While some firms view withered budgets as a step back, Poteet reframes it as a founding value. “We want to base our marketing on providing really good service,” he says. “In some cases that means well-designed but not flashy, when the house itself is a star and the family just needs additional kitchen or closet space. I trace that back to my internship at KieranTimberlake, where it was always about a smart solution to a problem, not necessarily the showiest solution. We don’t mind being invisible sometimes, as long as the client is supremely satisfied.” And, he adds, “One of the nice things about small projects is that they move quickly; there’s satisfaction in the closure you get when it’s finished.”
Of course, small is relative. To E.J. Meade, AIA, principal at Arch11 in Boulder, Colo., a small house is 2,500 square feet, downsized from the 7,500-square-foot residences he’d been designing. Meade says that although his clients aren’t spending less per square foot, they want less square footage, carefully put together. “Designing a large house is like trying to carry a big water balloon,” Meade says. “There’s always some part of it falling out of your arms. Smaller plans are more architecturally precise, concept-driven, and clear throughout—that’s the upside.”
“Everyone has a different definition of a small project,” agrees Dallas architect Dan Shipley, FAIA, citing as evidence the architects of 150,000-square-foot schools who are now standing in line for 15,000-square-foot schools (a Shipley Architects sub-specialty). But he knows small, whether it’s a closet remodel for the daughter of a former client, or the staircase remodel currently on the boards. When low-fee fatigue sets in, Shipley reminds himself that the closet design, done 15 years ago, led to several additions to the clients’ primary home, plus award-winning work on their country house, some of which was published. “There were other projects like that, too,” he says. “You sign on for modest things because you sense they’re a good client who will be around for awhile.”
The firm’s construction arm also sustains it these days. Shipley just finished building a $100,000 front façade on a house for which he’d previously designed other additions. Combining the design and management fees can save clients money, too. “An old saying goes that when things are slow, you spend time sharpening your tools. An architect’s primary tool is his brain, and small projects give us an opportunity to be lean and efficient,” he says. “When the next house commission comes along, we think we’ll be better than ever.”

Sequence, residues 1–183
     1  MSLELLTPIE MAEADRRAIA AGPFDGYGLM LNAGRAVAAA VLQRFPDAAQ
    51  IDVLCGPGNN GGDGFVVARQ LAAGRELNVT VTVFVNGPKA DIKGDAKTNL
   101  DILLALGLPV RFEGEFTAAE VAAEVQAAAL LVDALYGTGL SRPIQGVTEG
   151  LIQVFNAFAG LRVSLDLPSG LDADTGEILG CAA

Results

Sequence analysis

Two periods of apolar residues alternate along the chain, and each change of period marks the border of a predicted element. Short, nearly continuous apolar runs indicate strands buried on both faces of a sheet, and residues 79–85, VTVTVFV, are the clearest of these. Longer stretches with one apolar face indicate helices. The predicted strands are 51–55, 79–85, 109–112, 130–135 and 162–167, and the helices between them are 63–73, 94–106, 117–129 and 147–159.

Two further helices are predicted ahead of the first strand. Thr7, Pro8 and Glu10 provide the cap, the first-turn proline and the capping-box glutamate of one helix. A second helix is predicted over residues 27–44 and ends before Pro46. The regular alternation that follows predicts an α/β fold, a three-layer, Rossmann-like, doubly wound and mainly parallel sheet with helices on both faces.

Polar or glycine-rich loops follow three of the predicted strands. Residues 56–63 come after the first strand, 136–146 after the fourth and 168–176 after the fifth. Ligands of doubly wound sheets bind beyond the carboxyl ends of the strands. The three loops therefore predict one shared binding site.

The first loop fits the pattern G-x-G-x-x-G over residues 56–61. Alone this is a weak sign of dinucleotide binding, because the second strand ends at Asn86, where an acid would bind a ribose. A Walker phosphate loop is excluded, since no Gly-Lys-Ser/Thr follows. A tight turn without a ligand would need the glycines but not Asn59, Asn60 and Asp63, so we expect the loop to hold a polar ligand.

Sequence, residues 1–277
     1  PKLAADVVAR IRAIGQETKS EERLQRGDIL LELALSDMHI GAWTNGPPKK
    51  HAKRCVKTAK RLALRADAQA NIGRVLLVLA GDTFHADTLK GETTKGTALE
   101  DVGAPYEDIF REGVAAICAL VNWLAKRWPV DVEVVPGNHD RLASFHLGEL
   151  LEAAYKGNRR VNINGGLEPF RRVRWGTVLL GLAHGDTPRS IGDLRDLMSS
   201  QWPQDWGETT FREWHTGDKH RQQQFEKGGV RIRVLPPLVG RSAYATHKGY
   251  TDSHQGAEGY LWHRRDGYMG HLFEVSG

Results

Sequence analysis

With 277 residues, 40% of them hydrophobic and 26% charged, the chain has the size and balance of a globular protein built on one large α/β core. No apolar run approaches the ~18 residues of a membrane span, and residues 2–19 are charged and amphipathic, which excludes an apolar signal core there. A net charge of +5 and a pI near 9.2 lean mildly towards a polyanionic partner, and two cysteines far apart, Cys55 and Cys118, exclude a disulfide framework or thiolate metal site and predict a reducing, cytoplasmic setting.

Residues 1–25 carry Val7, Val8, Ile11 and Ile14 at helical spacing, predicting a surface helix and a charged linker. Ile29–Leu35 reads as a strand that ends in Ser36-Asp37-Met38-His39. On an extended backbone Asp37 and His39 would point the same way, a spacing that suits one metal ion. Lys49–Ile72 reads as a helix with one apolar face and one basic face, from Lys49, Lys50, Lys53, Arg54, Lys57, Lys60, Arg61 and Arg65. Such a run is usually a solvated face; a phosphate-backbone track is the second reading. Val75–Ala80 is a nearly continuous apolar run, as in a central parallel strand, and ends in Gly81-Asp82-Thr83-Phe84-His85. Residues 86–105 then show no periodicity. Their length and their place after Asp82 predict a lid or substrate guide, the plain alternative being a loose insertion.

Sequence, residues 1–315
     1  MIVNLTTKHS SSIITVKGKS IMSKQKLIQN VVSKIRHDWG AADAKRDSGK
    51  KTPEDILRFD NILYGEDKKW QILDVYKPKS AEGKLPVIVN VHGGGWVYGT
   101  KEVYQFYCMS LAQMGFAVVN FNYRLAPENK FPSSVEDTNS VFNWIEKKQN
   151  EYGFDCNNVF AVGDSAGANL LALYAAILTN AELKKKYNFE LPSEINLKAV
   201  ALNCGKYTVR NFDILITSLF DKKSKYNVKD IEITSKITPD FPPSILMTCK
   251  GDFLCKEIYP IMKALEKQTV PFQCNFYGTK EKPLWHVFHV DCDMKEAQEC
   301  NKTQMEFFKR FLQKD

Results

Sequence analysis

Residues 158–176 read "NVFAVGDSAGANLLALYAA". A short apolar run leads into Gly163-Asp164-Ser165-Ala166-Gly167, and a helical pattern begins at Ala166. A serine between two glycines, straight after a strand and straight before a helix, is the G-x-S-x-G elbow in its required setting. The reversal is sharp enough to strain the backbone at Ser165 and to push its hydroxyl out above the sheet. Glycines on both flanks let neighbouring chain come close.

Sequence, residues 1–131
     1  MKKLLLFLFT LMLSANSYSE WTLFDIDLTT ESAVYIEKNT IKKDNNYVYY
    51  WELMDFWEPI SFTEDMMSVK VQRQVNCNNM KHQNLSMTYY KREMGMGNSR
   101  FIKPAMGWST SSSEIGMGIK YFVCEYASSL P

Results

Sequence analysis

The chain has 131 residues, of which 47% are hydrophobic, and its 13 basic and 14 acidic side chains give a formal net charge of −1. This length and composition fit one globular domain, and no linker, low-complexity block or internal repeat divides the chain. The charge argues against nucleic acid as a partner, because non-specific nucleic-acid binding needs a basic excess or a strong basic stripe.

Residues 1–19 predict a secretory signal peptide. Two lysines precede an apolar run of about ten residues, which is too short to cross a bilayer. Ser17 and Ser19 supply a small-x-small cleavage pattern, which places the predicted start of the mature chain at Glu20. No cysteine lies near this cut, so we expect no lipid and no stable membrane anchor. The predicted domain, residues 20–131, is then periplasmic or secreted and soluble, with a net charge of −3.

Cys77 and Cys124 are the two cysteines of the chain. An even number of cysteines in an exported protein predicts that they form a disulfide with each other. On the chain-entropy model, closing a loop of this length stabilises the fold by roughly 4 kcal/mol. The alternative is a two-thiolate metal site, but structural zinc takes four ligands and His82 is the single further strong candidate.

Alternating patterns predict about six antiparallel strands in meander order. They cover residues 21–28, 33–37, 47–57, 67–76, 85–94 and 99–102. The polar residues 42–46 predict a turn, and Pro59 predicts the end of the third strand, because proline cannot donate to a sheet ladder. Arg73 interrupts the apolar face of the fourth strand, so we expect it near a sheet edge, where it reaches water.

For many veteran architects, today’s commissions carry a distinct sense of déjà vu. Joseph Tanney, AIA, built his New York City–based practice on projects such as cabinetry, kitchens, and baths, and says they’re still in his blood. So while his firm, Resolution: 4 Architecture (Res: 4), continues to design some big-ticket items such as modular homes and commercial space, it hit the ground running when the market tanked. Tanney says the office has returned to an earlier way of working, in which one person manages all phases of multiple smaller projects.
“Each person here is pretty agile and multidimensional,” he says of the seven-member firm, including himself and partner Robert Luntz, AIA. They’ve parlayed that collective creativity into web design, signage, and curating art for the 100,000-square-foot San Francisco office building Res: 4 is now finishing. “We reframed some of their art pieces and decided where they should go, and created a website for the company’s in-house use,” Tanney says. “We suggested it would be a good idea to create an interactive website with floor plans you can mouse-over, so employees could become familiar with their new space prior to moving.”
The broader their skills, the more quickly firms are able to adapt in a crisis, Tanney points out. “I recommend that all young architects develop a wide range of skills, so that when times get tough, they can go from working drawings and putting together a building permit set, to 3D modeling, photography, branding, website development, and organizing samples,” he says. “It allows people to retain value.”
That’s not to say Res: 4 isn’t hoping for a return to its familiar rhythms. “Things are slow, and we’ve restructured to operate accordingly,” Tanney says. “We are still eternally optimistic.”